Marco Pantani’s parents criticise decision to clear drug dealer of son’s death
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Thursday, November 10, 2011

Marco Pantani’s parents criticise decision to clear drug dealer of son’s death

by VeloNation Press at 5:29 PM EST   comments
Categories: Pro Cycling
 
“We cannot get justice” states father of 1998 Tour winner

Marco PantaniThe parents of the 1998 Tour de France champion Marco Pantani, who died of a cocaine overdose in 2004, have expressed their extreme disappointment and anger at the decision today by the Italian Supreme Court to clear the drug dealer involved in their son’s death.

“It’s a shame, there is no justice in Italy…you can ruin people and then get away with it,” Pantani’s mother Tonina said, according to Ilrestodelcarlino.it. “We were sure to win.. There are unexplained aspects of this whole affair, inside me there is an enormous sadness.”

In January 2008 the nightclub owner Fabio Carlino was sentenced to four and a half years in prison for supplying Pantani with the drugs that killed him, but the court today ruled that the media reaction around the death caused the original judge to place too much importance on Carlino’s role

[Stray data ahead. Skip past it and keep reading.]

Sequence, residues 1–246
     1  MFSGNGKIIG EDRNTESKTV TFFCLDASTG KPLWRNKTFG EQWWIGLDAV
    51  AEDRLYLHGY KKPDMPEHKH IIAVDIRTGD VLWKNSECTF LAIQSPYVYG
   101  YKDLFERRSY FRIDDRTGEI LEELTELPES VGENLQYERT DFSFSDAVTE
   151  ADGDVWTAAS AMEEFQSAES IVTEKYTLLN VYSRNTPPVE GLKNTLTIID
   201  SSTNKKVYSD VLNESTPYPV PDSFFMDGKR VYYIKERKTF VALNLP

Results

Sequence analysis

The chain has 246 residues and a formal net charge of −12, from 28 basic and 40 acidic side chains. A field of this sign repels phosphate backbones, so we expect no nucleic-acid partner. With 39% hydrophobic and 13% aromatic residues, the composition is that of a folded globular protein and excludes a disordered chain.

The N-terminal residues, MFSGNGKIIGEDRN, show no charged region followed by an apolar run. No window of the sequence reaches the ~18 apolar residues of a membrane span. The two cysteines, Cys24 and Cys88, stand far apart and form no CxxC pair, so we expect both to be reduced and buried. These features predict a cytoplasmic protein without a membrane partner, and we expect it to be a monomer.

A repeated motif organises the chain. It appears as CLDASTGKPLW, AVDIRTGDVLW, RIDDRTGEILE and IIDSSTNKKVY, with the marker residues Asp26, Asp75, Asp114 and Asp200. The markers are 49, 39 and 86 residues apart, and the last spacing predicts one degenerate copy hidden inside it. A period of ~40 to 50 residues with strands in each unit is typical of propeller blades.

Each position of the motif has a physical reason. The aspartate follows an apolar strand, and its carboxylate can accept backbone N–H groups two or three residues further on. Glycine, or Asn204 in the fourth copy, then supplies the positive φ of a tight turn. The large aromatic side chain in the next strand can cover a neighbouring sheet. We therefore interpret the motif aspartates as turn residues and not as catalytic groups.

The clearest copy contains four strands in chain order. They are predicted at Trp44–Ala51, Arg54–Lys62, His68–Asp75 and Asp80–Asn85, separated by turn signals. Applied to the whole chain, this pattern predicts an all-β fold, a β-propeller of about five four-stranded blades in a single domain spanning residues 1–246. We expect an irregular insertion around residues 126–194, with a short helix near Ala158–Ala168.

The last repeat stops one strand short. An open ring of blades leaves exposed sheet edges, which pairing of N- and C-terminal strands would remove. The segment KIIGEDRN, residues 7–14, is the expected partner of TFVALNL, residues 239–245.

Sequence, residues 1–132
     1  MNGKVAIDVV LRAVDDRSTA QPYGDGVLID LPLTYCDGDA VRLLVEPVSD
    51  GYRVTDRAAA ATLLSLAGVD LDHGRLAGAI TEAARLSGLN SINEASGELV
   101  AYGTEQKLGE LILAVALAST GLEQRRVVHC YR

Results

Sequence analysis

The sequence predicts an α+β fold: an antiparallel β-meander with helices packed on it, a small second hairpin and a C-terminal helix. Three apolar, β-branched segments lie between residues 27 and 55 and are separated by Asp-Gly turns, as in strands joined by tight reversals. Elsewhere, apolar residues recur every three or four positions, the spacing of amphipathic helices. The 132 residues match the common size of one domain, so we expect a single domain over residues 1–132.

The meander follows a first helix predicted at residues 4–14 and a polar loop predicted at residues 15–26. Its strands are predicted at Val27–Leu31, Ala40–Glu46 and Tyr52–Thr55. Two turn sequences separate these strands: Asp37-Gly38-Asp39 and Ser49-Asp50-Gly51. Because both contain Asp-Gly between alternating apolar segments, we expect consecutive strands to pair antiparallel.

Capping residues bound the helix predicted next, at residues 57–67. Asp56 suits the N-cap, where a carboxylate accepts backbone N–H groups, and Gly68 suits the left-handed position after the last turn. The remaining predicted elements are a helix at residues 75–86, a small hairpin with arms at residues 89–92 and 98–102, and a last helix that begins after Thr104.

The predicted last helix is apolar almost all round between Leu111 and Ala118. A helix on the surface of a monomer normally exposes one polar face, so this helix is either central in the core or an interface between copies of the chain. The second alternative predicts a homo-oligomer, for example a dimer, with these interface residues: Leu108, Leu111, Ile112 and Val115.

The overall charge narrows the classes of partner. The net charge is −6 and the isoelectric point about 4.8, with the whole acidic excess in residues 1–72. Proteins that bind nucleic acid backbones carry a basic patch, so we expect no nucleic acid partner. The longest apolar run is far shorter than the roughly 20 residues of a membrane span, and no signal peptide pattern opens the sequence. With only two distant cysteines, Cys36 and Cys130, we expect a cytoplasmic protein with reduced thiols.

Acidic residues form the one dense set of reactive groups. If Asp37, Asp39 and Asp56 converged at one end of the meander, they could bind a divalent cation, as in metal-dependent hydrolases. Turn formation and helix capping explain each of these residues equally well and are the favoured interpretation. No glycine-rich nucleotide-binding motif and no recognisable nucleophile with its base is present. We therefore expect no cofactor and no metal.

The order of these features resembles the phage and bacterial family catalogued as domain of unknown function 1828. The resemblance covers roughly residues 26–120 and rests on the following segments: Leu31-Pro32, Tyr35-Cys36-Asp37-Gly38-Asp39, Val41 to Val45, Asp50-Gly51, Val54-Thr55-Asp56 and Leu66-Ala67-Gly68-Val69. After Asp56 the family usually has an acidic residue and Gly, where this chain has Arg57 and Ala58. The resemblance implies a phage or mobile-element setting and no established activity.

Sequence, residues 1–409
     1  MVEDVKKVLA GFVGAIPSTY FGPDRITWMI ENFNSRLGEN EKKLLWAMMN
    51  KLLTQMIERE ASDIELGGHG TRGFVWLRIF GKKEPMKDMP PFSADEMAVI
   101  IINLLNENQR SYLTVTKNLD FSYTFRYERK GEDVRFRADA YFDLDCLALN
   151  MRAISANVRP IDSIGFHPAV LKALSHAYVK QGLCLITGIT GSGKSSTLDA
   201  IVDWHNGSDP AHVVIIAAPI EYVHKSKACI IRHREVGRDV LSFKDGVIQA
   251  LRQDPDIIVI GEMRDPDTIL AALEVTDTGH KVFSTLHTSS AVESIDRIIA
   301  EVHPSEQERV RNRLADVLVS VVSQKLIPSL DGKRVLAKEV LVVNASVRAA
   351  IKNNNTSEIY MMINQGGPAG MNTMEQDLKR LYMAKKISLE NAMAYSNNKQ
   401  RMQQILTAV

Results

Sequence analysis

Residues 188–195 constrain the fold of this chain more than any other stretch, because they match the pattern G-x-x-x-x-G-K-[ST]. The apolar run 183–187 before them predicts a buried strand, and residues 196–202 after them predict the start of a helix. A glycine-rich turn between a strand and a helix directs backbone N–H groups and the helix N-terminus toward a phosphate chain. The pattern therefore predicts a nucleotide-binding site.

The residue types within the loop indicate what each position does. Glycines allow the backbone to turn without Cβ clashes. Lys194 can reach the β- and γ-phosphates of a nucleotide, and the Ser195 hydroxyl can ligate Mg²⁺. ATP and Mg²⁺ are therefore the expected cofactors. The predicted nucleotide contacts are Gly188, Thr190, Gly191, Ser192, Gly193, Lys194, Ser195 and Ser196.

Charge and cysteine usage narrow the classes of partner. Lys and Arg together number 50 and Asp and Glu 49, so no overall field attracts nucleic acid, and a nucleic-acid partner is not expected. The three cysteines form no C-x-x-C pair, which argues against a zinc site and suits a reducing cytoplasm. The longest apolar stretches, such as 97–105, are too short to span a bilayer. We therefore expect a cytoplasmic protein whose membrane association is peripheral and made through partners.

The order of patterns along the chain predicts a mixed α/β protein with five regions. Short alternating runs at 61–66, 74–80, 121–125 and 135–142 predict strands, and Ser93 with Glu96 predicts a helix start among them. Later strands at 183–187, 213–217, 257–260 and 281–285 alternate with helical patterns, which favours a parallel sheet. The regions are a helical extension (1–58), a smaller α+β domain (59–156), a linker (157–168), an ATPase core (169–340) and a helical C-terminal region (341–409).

The Supreme Court cleared him today. “The facts did not constitute a crime,” stated the Italian news agency ANSA, presumably referring to Pantani’s own decision to purchase and consume the drug.

After performing strongly in previous seasons, the Italian climber was firmly atop of the sport in 1998, taking the Giro d’Italia-Tour de France double and ending the year as the top stage race rider and climber in the sport. He appeared even more dominant during the 1999 Giro d’Italia, leading the race and winning several stages, but then was clocked with a hematocrit exceeding the UCI’s limit of 50%.

He was ejected from the Giro and while the rules stated he was eligible to return after two weeks, he refused to race that year’s Tour, which was won by Lance Armstrong. Pantani returned to the French event in 2000, taking the stages to Ventoux and Courchevel, but then fell into a pattern of cocaine use which caused his career, and eventually his life, to unravel.

“First they destroyed Marco, and now they want to destroy us,” his father Paolo today. “It is evident that there is something unclear in this tragedy. Some things should not happen. Everyone knows the facts as they happened, everyone knows who is responsible for the death of our son, but we cannot get justice.

“In Italy many things do not work, and among these there is also our case. However I hang on, there's Marco to help us, and he gives us strength from above.”
 

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